Finally, appellants challenge that portion of the writ of mandate granted respondent La Rue which, after directing his reinstatement as a permanent employee of the school district in the capacity of a classroom teacher, orders that his compensation be fixed in the sum of $2,100 for the school year 1939–1940. The agreed facts are that respondent La Rue was originally employed by the school district for the school year 1933–1934 in a position requiring certification qualifications, to-wit, that of principal, with the right reserved in the school board to change respondent La Rue's assignment of duties as such board “might deem wise at any time during the year”. It is at once apparent that the school board is clothed with the right to assign Mr. La Rue to classroom teaching or to the duties of principal or other supervisory or administrative work, as in its judgment is deemed proper, but being a permanent employee, he retained his permanent classification as a classroom teacher. School Code, sec. 5.502. Further, under the tenure law, when the board contracted with respondent La Rue for a salary of $2,100 for the school year 1938–1939, and, as the stipulation of facts shows, took no action during that particular school year to fix a different salary for the ensuing school year, respondent La Rue was entitled to the same salary for the 1939–1940 school year as he received for the preceding school year. Abraham v. Sims, 2 Cal.2d 698, 711, 42 P.2d 1029; Mitchell v. Board of Trustees, 5 Cal.App.2d 64, 69, 42 P.2d 397.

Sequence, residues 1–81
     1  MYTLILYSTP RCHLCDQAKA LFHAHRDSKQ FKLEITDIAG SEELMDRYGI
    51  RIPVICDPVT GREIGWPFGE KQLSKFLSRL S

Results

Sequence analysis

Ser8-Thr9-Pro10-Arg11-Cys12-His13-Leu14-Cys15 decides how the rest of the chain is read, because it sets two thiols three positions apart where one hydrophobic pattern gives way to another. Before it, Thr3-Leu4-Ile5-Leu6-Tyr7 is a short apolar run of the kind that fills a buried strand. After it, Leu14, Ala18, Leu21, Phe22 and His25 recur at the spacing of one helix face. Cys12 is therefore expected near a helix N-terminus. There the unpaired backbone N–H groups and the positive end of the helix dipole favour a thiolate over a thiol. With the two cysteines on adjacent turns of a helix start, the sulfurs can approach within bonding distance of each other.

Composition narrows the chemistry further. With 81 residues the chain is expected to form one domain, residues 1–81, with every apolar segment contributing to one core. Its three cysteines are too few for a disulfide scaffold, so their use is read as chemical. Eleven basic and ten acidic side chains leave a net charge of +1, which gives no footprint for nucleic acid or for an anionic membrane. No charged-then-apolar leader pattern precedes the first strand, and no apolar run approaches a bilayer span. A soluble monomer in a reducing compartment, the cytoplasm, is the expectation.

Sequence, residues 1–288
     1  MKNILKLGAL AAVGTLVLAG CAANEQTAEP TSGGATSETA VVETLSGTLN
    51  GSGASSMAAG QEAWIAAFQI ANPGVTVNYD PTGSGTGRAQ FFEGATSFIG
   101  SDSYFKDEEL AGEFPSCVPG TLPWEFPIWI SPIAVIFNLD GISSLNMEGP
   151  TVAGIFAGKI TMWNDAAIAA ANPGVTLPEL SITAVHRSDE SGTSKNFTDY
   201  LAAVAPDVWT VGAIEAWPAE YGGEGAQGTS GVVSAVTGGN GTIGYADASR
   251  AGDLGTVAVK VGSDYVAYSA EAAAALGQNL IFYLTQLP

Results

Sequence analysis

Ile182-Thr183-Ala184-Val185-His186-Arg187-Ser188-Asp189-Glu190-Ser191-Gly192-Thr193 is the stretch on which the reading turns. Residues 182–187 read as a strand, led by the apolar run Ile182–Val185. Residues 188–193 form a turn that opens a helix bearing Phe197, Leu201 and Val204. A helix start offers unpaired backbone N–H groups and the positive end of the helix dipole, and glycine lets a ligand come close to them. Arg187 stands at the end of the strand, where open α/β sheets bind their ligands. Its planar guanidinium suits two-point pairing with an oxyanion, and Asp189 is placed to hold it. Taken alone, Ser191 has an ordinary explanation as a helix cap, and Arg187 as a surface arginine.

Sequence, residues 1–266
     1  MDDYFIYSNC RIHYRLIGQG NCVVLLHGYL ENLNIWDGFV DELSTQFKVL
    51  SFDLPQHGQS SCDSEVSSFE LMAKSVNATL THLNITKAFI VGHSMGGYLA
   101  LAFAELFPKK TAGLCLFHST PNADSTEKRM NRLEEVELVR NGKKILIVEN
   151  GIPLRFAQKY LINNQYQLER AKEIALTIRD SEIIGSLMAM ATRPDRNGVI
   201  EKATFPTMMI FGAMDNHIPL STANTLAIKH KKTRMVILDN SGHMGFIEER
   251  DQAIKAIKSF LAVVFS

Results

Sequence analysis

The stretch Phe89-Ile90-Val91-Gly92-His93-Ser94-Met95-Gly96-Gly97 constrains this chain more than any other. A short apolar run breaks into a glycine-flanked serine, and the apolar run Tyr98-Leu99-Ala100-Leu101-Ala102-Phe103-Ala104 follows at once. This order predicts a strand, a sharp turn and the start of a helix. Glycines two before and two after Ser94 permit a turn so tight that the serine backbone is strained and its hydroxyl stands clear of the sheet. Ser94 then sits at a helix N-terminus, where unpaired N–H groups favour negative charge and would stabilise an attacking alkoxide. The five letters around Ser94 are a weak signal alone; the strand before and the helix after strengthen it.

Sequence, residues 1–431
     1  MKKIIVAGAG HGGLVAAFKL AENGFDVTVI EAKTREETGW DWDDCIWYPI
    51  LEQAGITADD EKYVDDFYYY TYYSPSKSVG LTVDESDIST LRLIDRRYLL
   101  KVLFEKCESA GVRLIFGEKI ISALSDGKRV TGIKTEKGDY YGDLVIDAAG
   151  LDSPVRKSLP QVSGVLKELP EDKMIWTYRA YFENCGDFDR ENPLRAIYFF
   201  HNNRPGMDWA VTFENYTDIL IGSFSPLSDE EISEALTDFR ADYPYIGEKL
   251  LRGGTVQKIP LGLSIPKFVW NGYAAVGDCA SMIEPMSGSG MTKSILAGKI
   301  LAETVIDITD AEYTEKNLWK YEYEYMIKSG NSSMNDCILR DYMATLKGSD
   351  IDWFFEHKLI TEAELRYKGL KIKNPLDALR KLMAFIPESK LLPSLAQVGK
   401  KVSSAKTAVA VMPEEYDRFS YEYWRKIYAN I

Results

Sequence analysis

Having attained the status of permanent employees of the school district, and having been automatically, by operation of law, re-elected to their positions for the fourth year, respondents are each entitled to reinstatement for the school year 1939–1940, at the same salary fixed for them for the school year 1938–1939.

For the reasons herein stated, the judgments from which these appeals are taken are, and each of them is, affirmed.

WHITE, Justice.

We concur: YORK, P.J.; DORAN, J.